• Try to answer the telephone by the third ring and monitor calls that are put on
hold. Allow callers to speak first, and ask for and get permission to place them
on hold.
A patient’s first and
• For automatic call distribution systems, limit lasting impression of a
the menu selections to four or five at most. practice is often from
Consider whether the healthcare providers in a telephone call.”
the practice serve as primary care providers
for some or all of the patients. If so, the first message should include instructions
for these patients, such as “If this is an emergency, dial 911 or go to the nearest
emergency department immediately.”
• Conduct telephone conversations out of the hearing range of patients to protect
the caller’s privacy.
• Install additional phone lines if all lines are frequently in use or chronically busy.
• Ensure that after-hours phone messages refer urgent questions/information to
the emergency department.

Giving and Receiving Information


• Have staff obtain the caller’s phone number and confirm identifying patient
information.
• When a return call is required, staff should ask the caller what time he/she will
be available, and give an approximate time for the return call. The call should be
returned as promised. This assurance and prompt follow-up reinforces respect
for the patient’s time and concerns.
• Develop a telephone advice protocol manual for staff members who are
authorized to give telephone advice. The manual should address areas such as
handling routine questions and doing telephone assessments, and it should
include triggers for referring the patient to a provider when necessary. Monitor
staff compliance with the protocol. Document any phone advice in the patient’s
health record.
Guideline: Communicating Effectively With Patients to Improve Quality and Safety 9

Using an Answering Service


• Use a reliable answering service during off-hours. Place test calls regularly to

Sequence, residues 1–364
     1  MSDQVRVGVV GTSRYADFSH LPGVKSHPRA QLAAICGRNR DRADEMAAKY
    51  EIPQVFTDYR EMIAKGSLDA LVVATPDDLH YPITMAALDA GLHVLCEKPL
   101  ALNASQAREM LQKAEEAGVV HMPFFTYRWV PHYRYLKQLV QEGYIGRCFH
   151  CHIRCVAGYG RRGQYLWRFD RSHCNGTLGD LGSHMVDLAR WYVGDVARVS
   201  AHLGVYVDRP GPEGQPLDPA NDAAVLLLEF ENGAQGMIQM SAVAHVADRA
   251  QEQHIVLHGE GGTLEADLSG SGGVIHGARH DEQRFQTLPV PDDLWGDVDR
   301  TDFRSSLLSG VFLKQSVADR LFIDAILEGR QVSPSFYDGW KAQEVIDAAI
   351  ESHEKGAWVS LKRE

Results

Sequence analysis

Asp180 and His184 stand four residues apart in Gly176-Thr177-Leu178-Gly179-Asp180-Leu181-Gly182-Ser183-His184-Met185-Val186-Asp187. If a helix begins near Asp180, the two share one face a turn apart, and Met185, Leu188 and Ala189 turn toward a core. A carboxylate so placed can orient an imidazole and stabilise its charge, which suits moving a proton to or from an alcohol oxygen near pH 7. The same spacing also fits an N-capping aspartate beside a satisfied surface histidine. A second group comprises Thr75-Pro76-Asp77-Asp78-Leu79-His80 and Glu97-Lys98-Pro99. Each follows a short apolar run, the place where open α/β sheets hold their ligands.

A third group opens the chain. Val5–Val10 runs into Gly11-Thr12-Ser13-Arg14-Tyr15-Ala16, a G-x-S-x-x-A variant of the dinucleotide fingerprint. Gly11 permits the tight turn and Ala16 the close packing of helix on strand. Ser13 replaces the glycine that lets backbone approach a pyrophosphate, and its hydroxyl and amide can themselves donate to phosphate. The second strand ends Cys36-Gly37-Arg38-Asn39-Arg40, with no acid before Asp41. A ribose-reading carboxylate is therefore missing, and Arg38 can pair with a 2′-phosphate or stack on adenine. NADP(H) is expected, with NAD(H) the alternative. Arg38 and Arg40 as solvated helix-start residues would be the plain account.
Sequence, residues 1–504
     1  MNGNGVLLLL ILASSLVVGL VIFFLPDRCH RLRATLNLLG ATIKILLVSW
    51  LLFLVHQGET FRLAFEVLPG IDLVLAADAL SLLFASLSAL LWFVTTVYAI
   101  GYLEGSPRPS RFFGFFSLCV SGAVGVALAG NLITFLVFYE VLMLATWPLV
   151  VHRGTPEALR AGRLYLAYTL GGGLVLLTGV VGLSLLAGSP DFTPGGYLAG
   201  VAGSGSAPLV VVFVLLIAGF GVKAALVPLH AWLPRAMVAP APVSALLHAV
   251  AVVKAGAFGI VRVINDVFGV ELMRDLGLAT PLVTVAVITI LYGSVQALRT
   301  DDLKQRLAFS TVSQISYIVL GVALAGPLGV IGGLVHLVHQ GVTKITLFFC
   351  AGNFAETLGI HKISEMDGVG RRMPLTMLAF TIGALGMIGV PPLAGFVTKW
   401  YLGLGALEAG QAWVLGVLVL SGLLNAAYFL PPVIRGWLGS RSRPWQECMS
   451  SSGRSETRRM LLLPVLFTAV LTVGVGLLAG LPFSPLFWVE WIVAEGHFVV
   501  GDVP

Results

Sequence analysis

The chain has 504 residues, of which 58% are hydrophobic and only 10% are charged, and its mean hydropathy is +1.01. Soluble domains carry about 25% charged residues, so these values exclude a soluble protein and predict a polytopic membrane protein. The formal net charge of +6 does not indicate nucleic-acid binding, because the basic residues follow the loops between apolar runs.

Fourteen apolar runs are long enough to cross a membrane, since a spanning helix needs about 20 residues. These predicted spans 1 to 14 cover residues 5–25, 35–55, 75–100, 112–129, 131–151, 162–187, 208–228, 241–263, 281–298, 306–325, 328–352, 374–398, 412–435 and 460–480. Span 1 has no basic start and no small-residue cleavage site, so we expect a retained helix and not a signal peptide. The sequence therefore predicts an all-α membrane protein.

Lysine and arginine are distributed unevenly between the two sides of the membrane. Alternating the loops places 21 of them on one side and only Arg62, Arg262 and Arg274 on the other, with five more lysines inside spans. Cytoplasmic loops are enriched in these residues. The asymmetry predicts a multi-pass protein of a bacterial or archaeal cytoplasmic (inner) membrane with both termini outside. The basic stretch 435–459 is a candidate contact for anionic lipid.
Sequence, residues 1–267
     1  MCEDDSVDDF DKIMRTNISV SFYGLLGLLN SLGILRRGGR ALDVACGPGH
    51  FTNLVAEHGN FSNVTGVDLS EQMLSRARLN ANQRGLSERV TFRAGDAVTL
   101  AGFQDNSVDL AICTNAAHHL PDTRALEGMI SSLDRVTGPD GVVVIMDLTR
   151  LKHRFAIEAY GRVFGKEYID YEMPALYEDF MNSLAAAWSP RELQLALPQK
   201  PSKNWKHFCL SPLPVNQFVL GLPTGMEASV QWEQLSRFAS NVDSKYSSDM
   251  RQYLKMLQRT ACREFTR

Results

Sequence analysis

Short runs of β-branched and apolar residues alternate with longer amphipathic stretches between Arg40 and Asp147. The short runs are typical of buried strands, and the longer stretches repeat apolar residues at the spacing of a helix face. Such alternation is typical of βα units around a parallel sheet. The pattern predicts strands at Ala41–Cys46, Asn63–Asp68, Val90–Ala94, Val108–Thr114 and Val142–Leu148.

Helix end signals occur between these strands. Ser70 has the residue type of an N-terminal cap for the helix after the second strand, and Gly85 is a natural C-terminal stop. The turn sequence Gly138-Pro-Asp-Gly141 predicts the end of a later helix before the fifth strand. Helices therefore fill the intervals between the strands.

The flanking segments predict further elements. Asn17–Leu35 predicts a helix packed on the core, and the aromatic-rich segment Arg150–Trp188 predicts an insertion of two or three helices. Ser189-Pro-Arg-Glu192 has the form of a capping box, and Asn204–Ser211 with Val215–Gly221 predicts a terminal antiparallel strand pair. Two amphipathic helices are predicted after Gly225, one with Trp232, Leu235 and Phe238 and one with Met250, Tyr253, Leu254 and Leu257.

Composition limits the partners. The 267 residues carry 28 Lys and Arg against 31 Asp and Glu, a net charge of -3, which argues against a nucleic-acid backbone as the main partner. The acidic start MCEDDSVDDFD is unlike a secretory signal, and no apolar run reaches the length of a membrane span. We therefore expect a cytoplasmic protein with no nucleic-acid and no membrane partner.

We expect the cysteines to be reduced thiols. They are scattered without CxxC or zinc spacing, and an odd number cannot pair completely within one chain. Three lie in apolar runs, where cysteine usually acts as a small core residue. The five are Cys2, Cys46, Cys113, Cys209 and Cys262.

assess the quality of the service. Provide the service with an emergency number
in the event that the provider on call cannot be reached.
• Request a log of calls from the service to review for appropriate disposition and
referral.
• Implement a process to promptly retrieve, document, and respond to off-hours
calls if an answering service is not used.
• Develop a policy and procedure for handling phoned-in lab reports; the policy
should include how critical values should be relayed to the provider.

Documenting Telephone Communication


• Document every telephone conversation with a patient or family member in the
patient’s health record, including date, time, caller’s name, complaint, and advice
given.
• Document all telephone calls with other providers. A high risk of communication
failure exists during patient handoffs and care transitions.
• Maintain a copy of the practice’s appointment schedules for as long as health
records are maintained.

Monitoring Trends
Consider keeping a log of categories of calls received such as scheduling, test results,
prescription refills, etc., as a way to identify protocols possibly needing revision or
opportunities for improvement in managing telephone communications.

Electronic Communication
Electronic communication in healthcare has made a significant leap in recent years
through the use of email, patient portals, and social media. With the increased
prevalence of smartphones, tablets, and other mobile devices, healthcare professionals